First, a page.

Gesualdo sure gets a lot of play for a guy who brutally stabbed his wife to death. Just sayin’.

Yes, you may say, but there is quite a difference between making students learn about an objectionable work and making them perform it. The latter, after all, actually requires a kind of physical embodiment and intentionality absent in even the most active or engaged analysis or appreciation. While this is undeniably true, I ultimately don’t think it can serve as a sufficient rationale for students (or performers generally) to avoid a given work or composer. The Western canon is full of works with problematic aspects, many of which are right there in the text to be confronted and dealt with by performers and audiences. Opera especially is full of toxic patriarchal values, many of which result in the abuse or death of their heroines (short list: Carmen, La Bohème, Giovanna d’Arco, Madame Butterfly, Tosca, pretty much all of them). When we expand the search for problematic material beyond the text and into the lives of the artists, we find even more problems. Among the most important composers of the Renaissance were a wife murderer and a child molester, after all.

But you can still be a fan of problematic things, and for musicians this sometimes means performing them while acknowledging (or sometimes, if possible, subverting) the ways in which they are problematic. This is especially true for music students and professional musicians who have chosen to train for so many years in order to perform what is ultimately a deeply problematic repertoire. While I don’t want to get into the debate about the nature of the work as a text, I think that most of us can agree that in the case of Western Art Music (just as in the case with literature), we can’t just go back and change things we don’t like and pretend they never happened. This is doubly true for what lies outside the text–history, biography, cultural context, authorial attitudes and intent.

A student in a graduate performance programme has implicitly signed on to this cultural project, and a part of the paedagogy of musical professionalism does in fact require that students learn to perform (and perform well) even when they do not like the work in question (for whatever reason). Mr. McNair is welcome not to programme works he finds objectionable for his own recitals, but if he really wants the kind of professional certification that an MM in musical performance stands for, he’ll just have to play by the rules.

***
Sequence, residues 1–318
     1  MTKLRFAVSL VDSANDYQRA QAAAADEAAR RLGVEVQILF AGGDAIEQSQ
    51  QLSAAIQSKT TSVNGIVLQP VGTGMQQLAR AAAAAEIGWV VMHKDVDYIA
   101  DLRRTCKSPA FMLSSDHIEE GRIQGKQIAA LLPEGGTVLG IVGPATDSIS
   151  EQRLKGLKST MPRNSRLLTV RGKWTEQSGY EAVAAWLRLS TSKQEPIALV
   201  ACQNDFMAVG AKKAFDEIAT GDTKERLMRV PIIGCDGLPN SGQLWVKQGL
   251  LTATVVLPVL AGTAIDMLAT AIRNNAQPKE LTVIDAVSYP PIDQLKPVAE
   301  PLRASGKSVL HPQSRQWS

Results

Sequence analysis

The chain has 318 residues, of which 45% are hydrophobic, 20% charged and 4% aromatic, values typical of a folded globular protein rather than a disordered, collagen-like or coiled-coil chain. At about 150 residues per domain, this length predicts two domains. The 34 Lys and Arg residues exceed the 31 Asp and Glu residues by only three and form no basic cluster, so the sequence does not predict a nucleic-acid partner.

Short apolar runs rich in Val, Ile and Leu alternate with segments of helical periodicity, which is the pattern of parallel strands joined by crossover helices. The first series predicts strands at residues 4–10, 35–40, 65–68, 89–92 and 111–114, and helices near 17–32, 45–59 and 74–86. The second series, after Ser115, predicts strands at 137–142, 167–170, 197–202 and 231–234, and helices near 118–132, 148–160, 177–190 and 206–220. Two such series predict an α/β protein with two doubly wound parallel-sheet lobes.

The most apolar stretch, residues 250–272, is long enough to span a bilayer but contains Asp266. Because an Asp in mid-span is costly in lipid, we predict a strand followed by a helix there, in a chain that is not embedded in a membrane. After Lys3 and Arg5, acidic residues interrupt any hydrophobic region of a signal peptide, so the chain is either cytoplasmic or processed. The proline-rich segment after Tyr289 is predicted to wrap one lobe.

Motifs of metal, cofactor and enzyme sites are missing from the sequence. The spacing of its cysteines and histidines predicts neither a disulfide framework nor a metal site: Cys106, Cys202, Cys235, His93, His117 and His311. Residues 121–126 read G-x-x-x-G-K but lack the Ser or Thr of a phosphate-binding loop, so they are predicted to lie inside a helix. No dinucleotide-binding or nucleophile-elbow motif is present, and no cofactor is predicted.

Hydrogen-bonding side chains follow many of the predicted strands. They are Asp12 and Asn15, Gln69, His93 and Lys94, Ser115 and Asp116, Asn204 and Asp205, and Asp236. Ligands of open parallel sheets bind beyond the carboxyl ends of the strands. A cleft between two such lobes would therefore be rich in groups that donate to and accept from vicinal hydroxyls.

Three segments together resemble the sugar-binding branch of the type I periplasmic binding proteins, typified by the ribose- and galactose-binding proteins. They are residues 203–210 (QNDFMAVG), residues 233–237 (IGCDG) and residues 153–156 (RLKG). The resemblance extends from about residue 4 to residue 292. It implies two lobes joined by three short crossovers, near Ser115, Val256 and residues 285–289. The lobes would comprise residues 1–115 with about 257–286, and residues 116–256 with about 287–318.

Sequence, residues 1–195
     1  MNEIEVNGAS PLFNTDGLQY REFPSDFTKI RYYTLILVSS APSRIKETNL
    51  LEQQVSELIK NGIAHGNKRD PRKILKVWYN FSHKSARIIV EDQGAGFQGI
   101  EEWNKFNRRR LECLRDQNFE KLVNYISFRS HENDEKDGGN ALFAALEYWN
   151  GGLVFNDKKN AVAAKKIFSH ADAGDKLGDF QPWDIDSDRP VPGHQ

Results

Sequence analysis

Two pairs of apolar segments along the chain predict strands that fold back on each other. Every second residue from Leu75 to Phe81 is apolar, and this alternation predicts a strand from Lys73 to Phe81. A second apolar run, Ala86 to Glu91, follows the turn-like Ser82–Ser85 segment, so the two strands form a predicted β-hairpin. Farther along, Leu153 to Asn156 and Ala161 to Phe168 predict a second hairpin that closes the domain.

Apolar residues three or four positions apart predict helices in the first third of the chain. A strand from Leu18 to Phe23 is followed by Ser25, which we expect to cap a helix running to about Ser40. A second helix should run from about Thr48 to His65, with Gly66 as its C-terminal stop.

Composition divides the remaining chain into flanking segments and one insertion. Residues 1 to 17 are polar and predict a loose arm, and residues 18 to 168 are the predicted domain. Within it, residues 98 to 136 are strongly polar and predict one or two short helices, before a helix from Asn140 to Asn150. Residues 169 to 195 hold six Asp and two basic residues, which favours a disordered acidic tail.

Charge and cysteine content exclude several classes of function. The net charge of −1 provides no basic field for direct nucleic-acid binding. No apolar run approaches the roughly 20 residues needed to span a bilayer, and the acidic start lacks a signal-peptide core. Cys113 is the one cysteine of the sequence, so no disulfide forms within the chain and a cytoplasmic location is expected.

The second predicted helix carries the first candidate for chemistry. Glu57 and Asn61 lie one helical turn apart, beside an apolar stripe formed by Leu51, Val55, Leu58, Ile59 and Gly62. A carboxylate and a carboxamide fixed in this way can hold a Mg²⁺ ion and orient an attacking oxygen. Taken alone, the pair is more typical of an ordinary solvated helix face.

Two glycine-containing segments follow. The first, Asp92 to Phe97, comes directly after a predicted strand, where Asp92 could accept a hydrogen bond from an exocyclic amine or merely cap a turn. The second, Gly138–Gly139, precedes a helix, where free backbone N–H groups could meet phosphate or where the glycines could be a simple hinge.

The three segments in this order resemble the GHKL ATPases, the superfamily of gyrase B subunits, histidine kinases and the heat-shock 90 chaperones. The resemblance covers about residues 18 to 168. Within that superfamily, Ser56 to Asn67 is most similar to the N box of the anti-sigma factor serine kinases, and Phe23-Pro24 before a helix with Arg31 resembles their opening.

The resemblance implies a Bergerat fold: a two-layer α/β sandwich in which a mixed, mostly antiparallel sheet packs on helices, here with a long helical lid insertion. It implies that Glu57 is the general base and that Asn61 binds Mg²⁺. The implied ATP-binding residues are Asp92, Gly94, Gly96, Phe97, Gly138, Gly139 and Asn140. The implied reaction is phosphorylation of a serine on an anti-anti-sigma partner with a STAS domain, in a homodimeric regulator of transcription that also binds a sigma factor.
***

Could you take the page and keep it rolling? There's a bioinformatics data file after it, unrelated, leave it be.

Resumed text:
Featured image: Library of Congress / George C. Cox

*In my opinion there are actually very few clear instances of antisemitic tropes in Wagner’s operas. The most widely agreed-upon (if still controversial) case is Beckmesser from Die Meistersinger von Nürnberg; some scholars have advanced the dwarves Mime and Alberich from the Ring cycle.

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Dan holds a PhD in Music History from a major Canadian university and is now pursuing a M.Ed in Higher Education at another one, because he likes to collect very expensive paper. He performs stand-up comedy at venues all over Toronto when he's not busy playing JRPGs with his cat, Roy. You can follow him at @incontrariomotu, but he isn't going anywhere. You can also send him a tip on PayPal (paypal.me/dandonnelly) if you like his work!

1 Comment

  1. June 11, 2013 at 9:08 pm —

    Merchant of Venice is anti-Semitic. Taming of the Shrew is sexist as all hell. Etc., etc., etc. In my experience, students benefit from confronting these issues and struggling with the cognitive dissonance induced by a racist genius.